In a word, yes. I’ve tested the FrankOne a few times in my home, and, while I have a couple reservations, it’s a coffee making device that I can see myself actually using in a number of circumstances.
The device works quite simply. Ground coffee goes in the top, and then you pour in the hot (not boiling!) water and stir it a bit — 30-50 seconds later, depending on how you like it, you hit the button and a pump draws the liquid down through a mesh filter and into the carafe below. It’s quick and almost impossible to mess up.
The resulting coffee is good — a little bit light, I’d say, but you can adjust the body with the size of the grounds and the steeping time. I tend to find a small amount of sediment at the bottom, but less than you’d get in a cup of French press.
Because it’s battery powered (it should last for ~200 cups and is easily recharged) and totally waterproof, cleaning it is a snap, especially if you have a garbage disposal. Just dump it and rinse it, give it a quick wipe and it’s good to go. It gets a bit more fussy if you don’t have a disposal, but what doesn’t?
I can see this being a nice way to quickly and simply make coffee while camping — I usually do a French press, but sometimes drip, and both have their qualities and limitations. The FrankOne would be for making a single cup when I don’t want to have to stand by the pourover cone or deal with disassembling the French press for cleaning.
It’s also, I am told by Umaña, great for cold brew. I didn’t have the heart to tell him that I don’t really like cold brew, but I know many do, and Umaña promises the FrankOne works wonders in a very short time — four minutes rather than an hour. I haven’t tested that, because cold brew tastes like bitter chocolate milk to me, but I sincerely doubt he would mention it as many times as he did if it didn’t do what he said.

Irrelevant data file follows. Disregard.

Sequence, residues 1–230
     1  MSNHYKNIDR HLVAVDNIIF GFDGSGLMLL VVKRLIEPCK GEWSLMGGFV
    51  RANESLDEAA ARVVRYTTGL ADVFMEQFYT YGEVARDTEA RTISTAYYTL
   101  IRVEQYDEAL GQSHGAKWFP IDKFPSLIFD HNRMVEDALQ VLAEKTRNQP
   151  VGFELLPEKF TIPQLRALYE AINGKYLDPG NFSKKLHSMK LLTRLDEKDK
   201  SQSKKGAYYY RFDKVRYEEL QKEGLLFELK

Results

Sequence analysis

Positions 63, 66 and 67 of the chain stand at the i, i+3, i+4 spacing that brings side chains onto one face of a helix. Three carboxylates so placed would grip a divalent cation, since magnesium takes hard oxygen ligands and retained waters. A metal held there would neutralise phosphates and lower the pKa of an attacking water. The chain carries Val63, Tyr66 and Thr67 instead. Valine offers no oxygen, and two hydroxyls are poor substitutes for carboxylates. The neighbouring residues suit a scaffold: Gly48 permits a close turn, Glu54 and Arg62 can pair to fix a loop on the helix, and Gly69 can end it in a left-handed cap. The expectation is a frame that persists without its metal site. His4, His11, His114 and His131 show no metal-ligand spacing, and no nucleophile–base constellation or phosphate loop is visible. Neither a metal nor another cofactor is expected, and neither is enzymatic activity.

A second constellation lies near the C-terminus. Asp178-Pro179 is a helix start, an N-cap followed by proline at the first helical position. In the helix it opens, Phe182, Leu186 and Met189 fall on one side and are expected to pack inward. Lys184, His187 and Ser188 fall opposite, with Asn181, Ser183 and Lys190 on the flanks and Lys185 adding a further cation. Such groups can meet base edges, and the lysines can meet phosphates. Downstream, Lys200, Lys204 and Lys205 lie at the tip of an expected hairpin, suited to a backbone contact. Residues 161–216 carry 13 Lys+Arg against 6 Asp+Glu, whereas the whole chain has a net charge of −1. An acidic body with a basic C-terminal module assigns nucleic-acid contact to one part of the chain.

There are, I feel, three downsides. First, you’re pretty much stuck with using the included glass carafe, because the device has to create a seal around the edge with its silicone ring. It didn’t fit in my biggest mug, but you might find an alternative should the carafe (which I have no complaints about — it’s attractive and sturdy) crack or get lost.
Second, it doesn’t produce a lot of coffee. The top line as indicated in the reservoir is probably about 10-12 ounces — about the size of a “tall” at a coffee shop. Usually that’s a perfect amount for me, but it definitely means this is a single-serving device, not for making a pot to share.
And third, for the amount of coffee it produces, I feel like it uses a lot of grounds. Not a crazy amount, but maybe 1.5-2x what goes into my little Kalita dripper — which is admittedly pretty economical. But it’s just something to be aware of. Maybe I’m using too much, though.
I reviewed the Geesaa a little while back, and while it’s a cool device, it was really complex and takes up a lot of space. If I wanted to give it to a friend I’d have to make them download the app, teach them about what I’d learned worked best, share my “recipes” and so on. There was basically a whole social network attached to that thing.
This is much, much easier to use — and compact, to boot. It’s a good alternative to classic methods that doesn’t try to be more than a coffee maker. At $120 it’s a bit expensive, but hey, maybe you spend that on coffee in a month.
And by the way, you can use the discount code “TC” at checkout to get 10% off — this isn’t a paid post or anything, Umaña’s just a nice guy!
Part of me wishes Sony had gone for something a little flashier. The PlayStation Unicorn or PlayStation Trebuchet or something. But there’s something to be said for consistency. Simplicity. The next version of Sony’s perennial favorite gaming console will be, drumroll…the PlayStation 5.